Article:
Managing a Mailchimp email list

Despite what people have said in the past, emails are still very popular was to communicate with your audience (even if your audience are technical savvy blog readers and RSS subscribers like web developers and designers).

My first foray into email marketing was a disaster! I set up a mail chimp account and proceeded to import all of my gmail contacts to my first list, I figured if I had them as a contact I’d been in touch with them before and they wouldn’t mind hearing from me again.


It wasn’t until I had sent my first email that I realised it had not just added the contacts I’d emailed in the past, but also anyone that might have been on a cc’d in a reply. WOOPS.

After having my account locked and banned after a huge number of unsubscribes and a few complaints I had learned a valuable lesson.

Lesson 1, earn your subscribers

My second attempt was through the creation of the Responsive Design Newsletter. I had already set up a Facebook Page and Twitter account so when I created the new list I already had an audience to approach for subscriptions.

The first ever email went out on the 20th April to a whopping 12 subscribers, and a week later we had 39. Things progressed slowly at first and that is certainly to be expected. You should never expect a newsletter to have a huge following before you’ve sent out at least 10 emails (unless of course you’re Brad Frost).

I never thought the day would come when I would approach the 2000 subscriber mark, the point at which Mailchimp stop giving you free stuff and ask you to pay. For me that happened between edition 25 and 26 and was all thanks to a tweet and link from @chris_coyier from CSS Tricks. We jumped from 1170 to 2495 subscribers in that week, and with that I decided to begin to pay more attention to the behaviours of the subscribers.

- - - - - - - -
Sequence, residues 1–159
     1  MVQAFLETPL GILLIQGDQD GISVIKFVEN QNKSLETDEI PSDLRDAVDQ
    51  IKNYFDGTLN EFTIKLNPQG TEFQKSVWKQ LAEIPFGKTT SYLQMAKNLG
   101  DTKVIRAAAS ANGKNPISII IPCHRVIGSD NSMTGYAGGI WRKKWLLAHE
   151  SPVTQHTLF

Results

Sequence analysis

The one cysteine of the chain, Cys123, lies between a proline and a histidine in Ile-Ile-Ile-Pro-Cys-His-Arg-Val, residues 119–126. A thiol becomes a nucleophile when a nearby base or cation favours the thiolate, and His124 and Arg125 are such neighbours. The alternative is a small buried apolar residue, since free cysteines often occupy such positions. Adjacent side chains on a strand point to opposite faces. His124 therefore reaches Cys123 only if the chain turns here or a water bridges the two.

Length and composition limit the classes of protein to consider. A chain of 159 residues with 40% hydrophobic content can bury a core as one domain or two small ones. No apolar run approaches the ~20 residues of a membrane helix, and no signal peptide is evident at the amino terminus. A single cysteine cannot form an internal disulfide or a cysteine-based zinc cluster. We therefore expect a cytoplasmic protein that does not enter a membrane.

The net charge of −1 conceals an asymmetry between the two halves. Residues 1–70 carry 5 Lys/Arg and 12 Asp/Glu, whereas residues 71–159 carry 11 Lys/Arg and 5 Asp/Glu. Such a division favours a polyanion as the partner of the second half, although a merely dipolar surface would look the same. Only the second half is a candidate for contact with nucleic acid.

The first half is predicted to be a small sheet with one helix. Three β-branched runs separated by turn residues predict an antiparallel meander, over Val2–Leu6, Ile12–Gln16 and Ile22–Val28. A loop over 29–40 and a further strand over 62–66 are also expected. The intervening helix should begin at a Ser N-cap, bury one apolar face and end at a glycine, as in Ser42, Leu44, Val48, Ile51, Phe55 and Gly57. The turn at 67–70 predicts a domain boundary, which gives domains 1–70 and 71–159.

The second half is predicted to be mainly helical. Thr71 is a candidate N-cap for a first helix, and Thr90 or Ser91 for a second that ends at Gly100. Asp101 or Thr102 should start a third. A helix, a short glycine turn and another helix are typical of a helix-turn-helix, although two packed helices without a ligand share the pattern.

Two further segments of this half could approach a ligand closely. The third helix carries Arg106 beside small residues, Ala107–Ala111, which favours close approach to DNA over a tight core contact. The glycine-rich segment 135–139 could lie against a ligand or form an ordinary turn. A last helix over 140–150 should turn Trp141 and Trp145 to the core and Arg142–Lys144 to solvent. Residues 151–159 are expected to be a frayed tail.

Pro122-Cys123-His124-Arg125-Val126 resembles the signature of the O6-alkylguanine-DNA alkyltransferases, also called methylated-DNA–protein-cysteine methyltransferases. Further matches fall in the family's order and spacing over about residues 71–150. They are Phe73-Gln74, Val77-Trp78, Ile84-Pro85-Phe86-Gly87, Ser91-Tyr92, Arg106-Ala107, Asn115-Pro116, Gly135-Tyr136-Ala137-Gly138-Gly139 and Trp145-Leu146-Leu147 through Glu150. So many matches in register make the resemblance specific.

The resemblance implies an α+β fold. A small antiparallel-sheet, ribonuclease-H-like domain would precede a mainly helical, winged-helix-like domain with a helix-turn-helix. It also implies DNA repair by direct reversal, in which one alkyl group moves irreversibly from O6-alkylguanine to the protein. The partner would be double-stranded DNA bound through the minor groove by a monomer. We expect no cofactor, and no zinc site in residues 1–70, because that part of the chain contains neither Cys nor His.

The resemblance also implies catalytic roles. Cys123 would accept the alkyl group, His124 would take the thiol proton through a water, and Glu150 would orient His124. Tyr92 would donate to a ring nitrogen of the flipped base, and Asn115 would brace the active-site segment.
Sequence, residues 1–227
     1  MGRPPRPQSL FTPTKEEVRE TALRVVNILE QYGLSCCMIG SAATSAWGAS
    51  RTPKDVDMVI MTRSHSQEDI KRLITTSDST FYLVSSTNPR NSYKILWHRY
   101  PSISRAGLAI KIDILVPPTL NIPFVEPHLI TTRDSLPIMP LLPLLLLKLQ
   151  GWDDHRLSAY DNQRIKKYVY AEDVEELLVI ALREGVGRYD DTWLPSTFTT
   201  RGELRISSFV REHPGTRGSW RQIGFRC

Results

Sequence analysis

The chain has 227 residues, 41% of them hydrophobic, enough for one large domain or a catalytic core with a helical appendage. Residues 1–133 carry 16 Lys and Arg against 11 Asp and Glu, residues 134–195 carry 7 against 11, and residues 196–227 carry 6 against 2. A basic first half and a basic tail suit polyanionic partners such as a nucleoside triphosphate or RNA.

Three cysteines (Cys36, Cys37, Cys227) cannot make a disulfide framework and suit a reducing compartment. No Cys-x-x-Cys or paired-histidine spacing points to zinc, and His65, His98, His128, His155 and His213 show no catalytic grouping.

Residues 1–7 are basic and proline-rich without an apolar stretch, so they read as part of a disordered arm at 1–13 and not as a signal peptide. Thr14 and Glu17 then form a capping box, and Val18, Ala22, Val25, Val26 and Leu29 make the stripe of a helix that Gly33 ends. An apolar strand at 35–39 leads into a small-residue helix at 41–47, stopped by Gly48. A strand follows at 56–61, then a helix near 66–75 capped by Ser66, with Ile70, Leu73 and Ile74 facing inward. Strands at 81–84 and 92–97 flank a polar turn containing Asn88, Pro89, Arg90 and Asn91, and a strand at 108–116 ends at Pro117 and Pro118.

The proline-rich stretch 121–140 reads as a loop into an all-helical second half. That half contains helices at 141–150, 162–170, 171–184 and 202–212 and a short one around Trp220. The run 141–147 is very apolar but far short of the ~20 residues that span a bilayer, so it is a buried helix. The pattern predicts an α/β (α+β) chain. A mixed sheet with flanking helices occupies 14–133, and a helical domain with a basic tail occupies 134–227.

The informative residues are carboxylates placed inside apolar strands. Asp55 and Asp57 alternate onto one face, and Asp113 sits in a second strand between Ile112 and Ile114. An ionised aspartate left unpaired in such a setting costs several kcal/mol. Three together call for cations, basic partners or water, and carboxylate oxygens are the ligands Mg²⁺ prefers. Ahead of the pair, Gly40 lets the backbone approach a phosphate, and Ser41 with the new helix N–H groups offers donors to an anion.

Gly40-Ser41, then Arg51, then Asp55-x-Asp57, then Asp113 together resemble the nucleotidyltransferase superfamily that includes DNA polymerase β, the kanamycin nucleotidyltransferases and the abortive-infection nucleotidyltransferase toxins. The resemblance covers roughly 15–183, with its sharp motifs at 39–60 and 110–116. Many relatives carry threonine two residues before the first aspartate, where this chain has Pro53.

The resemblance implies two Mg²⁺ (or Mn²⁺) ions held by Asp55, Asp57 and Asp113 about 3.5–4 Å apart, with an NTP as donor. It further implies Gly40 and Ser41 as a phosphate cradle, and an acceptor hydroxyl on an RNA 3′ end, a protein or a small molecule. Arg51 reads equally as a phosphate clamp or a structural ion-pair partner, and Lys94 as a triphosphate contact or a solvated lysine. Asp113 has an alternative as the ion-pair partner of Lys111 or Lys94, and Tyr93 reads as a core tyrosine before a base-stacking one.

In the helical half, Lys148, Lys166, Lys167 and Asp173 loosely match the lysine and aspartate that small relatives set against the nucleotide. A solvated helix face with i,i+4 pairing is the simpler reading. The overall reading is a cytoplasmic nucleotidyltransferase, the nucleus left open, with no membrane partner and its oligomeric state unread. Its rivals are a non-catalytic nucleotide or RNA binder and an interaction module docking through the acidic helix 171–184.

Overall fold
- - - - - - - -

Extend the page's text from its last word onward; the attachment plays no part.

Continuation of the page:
Before I go on, just a side note about Chris Coyier. If you don’t already know who he is… he’s the guy behind and 1/2 of Shop Talk Show. If you don’t know what those things are, you need to go and check them out because you’re really missing out. Chris is like the Justin Bieber of the web development world where one tweet can send your site crazy, your twitter followers up, and your subscribers through the roof. I know both @jake_bresnehan of Web Designer Weekly and Zoran Jambor from CSS Weekly have had very similar things happen and it’s all down to the Chris Coyier Effect.

But I digress.

With this surge in subscribers I had reached the paypoint of having more than 2000 subscribers and although I’m not wealthy by ANY stretch of the imagination I could afford to shell out the $50ish a month to send the emails out. Between the surge of issues #26 the numbers have continued to climb at a quick rate and now at issues #39 we’ve pushed up to 4747 subscribers. At the 5000 mark it jumps to $75 a month and beginning to make it a pretty expensive hobby.

Calling all elephants, please come into the room

So there’s something I’m not talking about at the moment, and that is monetising the blog. I can almost hear you screaming

“Justin, you’ve got 5000 that are willing to listen to you each week, for F’sake sell them something, or let other people sell them something”.